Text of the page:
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Dorchester neighbors denounce shooting of 5 people, including 15-year-old girl: ‘This has to stop’

The Sunday night shooting occurred in the courtyard of a Dorchester housing development behind 80 Ames Street.Pat Greenhouse/Globe Staff

The day after five people, including two children, were shot at a housing development in Dorchester, residents denounced the violence that turned a late-summer Sunday cookout into a crime scene.

”Kids can’t even be outside having fun,” said Antwon Fields, who lives at the Franklin Field complex, where the shootings happened shortly after 8:30 p.m. ”This has got to stop. It’s pointless.”

A 15-year-old girl was seriously injured in the shootings, according to authorities. Fields said the victim often plays with his children.

“I watched that girl grow up,” Fields said in a somber voice Monday. He described her as a sweet, fun, and bright girl who loves her family.


Boston Police Commissioner Michael Cox said officers who responded to a ShotSpotter alert found five people— three adults and two juveniles — with gunshot wounds. Authorities did not release their names. According to police transmissions recorded by Broadcastify, the second child is an 11-year-old boy.

Police found 15 spent shell casings at the scene near 50 Ames St., according to officials and Broadcastify recordings of the shooting.

On Monday, police said the teenage girl was suffering from life threatening injuries, and the other victims had non-life-threatening injuries.

Two women who work with a teen program in the public housing development said they had known the girl since she was a small child. One of the women, Juana, said the girl is “everything you hope your child is.”

“She runs up to everyone to give them a hug,” she said. “We’re just praying for her.”

Boston police and Suffolk District Attorney Kevin R. Hayden’s office said they were searching for those responsible for the violence and appealed to the public for help.

“Somebody in the community knows some facts that would help investigators bring the people responsible for this terrible shooting to justice,” Hayden spokesman James Borghesani said Monday. “That cooperation would go along way in helping us address this terrible incident.”


The shootings were discussed Monday at a city council hearing, where members also noted the illegal flow of guns in Boston.

“Last night was a tough night,” councilor Erin Murphy said.

Last year, police recovered more than 900 guns. Citing the National Integrated Ballistic Information Network, councilors have said that only 10 percent of the traced firearms recovered at crime scenes were purchased in Massachusetts, while the rest were brought here from 18 other states.

In a letter to school leaders, Mary Skipper, superintendent of the city’s public schools, said many students were impacted by the shootings and that educators should be ready to support them.

”Unfortunately in recent weeks, violence has been a reality for too many of our young people across the city,” she wrote. “While there is still a lot of information that we do not know, it is imperative that our staff has access to resources that will enable them to support the immediate needs of students and families.”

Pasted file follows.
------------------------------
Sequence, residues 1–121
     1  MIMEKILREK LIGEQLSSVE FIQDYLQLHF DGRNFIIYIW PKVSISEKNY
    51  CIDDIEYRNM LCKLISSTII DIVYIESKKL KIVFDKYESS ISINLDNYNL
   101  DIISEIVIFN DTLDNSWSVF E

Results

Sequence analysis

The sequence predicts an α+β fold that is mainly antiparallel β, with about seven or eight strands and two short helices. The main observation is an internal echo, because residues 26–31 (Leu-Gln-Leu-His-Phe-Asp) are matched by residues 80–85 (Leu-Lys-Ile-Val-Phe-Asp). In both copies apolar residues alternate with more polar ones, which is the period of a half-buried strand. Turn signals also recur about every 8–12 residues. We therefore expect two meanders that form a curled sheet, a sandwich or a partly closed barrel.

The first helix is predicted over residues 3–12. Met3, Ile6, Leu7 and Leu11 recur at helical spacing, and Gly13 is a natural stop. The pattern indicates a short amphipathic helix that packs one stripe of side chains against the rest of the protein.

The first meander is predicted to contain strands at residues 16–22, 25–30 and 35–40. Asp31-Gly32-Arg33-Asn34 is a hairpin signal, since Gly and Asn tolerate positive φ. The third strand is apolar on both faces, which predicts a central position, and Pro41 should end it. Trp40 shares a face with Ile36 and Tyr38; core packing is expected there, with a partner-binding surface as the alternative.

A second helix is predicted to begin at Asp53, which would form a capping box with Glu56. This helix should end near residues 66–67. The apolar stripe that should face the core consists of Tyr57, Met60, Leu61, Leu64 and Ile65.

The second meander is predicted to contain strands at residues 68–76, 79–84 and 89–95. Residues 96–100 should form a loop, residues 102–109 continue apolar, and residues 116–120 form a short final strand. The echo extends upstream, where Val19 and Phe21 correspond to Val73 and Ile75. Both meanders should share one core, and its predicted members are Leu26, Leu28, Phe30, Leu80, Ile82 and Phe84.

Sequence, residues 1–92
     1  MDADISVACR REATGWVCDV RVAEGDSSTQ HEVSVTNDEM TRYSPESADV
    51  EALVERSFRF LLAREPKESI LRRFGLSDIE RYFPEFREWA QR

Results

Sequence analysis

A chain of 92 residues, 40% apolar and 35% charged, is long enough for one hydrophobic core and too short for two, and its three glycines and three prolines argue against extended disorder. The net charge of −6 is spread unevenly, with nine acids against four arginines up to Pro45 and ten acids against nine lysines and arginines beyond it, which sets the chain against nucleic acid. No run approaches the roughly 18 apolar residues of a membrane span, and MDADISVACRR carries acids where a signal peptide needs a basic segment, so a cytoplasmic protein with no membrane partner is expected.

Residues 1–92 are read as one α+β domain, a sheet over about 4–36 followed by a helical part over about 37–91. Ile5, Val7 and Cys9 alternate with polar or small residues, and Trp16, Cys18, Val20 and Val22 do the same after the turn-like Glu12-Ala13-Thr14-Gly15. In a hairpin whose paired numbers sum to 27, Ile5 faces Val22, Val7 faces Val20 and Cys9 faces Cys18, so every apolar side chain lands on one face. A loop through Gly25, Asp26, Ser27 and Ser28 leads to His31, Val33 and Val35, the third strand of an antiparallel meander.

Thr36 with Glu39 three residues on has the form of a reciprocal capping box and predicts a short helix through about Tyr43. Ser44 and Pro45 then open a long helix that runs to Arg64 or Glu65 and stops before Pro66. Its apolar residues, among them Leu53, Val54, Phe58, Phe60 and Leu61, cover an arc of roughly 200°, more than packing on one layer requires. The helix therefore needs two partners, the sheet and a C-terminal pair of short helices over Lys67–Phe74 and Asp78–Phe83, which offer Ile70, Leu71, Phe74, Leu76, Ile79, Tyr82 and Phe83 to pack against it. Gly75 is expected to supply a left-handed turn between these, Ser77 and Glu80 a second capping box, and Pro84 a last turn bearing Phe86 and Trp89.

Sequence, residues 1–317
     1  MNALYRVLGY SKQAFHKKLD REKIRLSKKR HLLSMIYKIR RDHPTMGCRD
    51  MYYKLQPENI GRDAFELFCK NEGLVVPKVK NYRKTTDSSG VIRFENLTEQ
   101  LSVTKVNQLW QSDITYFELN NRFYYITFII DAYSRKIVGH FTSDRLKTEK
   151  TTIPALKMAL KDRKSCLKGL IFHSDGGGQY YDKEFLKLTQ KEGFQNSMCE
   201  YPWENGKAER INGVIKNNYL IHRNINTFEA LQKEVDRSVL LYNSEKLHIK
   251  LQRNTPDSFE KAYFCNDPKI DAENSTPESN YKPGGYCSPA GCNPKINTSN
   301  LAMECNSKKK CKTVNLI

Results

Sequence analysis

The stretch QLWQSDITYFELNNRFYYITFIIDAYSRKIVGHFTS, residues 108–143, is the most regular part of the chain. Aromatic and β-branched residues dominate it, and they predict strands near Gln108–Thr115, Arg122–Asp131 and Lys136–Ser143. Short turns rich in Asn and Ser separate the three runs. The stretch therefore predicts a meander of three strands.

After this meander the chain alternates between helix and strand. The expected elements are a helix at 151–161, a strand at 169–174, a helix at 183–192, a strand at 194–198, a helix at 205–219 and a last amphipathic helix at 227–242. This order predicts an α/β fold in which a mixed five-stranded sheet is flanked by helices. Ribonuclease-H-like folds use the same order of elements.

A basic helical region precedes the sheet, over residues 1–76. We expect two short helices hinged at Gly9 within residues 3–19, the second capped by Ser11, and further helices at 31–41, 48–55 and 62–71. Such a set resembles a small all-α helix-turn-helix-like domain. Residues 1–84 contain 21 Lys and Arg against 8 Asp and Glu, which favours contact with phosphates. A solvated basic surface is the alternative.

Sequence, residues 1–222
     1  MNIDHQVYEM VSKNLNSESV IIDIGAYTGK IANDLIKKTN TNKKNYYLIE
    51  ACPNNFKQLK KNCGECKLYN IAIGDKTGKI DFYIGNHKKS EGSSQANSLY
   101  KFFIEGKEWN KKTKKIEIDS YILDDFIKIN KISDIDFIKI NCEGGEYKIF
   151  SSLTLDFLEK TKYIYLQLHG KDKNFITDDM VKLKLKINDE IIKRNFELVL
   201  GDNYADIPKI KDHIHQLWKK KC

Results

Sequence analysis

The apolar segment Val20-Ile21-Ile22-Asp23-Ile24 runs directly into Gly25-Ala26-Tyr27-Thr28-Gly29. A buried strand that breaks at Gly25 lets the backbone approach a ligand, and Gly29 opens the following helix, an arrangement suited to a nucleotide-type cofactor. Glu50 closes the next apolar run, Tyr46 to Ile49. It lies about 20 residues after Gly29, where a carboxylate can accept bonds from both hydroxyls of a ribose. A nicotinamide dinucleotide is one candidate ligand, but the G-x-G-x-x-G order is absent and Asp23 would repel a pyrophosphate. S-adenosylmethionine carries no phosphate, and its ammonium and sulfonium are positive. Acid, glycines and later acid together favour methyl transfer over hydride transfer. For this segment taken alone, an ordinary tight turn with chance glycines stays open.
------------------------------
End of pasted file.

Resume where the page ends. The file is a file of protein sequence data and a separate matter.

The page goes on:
On Sunday, Mayor Michelle Wu condemned the violence.

“Families with young ones and teenagers, preteens, should be getting a good night’s sleep to go to school tomorrow, and two of them are in the hospital now,” Wu said. “I’m angry, I am upset as a mom, as someone who has been working with all of our teams to make sure we can do everything possible to create opportunities in our city.”


Near the shooting scene, members of the city’s trauma response team left fliers on cars in the area Sunday night.

“These are the evenings where it just reminds me we can’t move fast enough in working to make sure that all of our young people have what they need, that we’re getting guns off the streets, and that we’re being very clear that safety comes first in Boston, and that has to be in every single part of our city,” Wu said. ”Not to see repeated and concentrated incidences of violence affecting certain parts of our neighborhoods.”

Neighbors said they were worn down by the violence and distraught that the teenager was seriously injured.

On Monday, a resident, who declined to give his name, said he walked his small black dog past the courtyard cookout shortly before 8:30 p.m. Ten minutes later, he was sitting on his couch when he heard some loud noises. He brushed it off as firecrackers until he saw the breaking news of a shooting in his neighborhood.

”Where am I going to go?” he asked. “This is everywhere.”

Another resident called the shooting “a sad situation.”

“Especially to have kids involved,” the person said.

The shooting on Sunday was the second shooting in Boston involving multiple victims since Aug. 26, when eight people were shot and wounded during the J’Ouvert celebration in Dorchester. Four people have pleaded not guilty in connection with the shootings.

Overall, the number of shootings — both fatal and non-fatal — has declined each year since 2020, according to police data. This year, there were 117 shootings through Sept. 4, police said.


Danny McDonald and Sean Cotter of the Globe staff and Globe correspondent Nick Stoico contributed to this report.

John R. Ellement can be reached at Follow him @JREbosglobe. Talia Lissauer can be reached at Follow her on Instgram @_ttphotos. Sean Cotter can be reached at him @cotterreporter.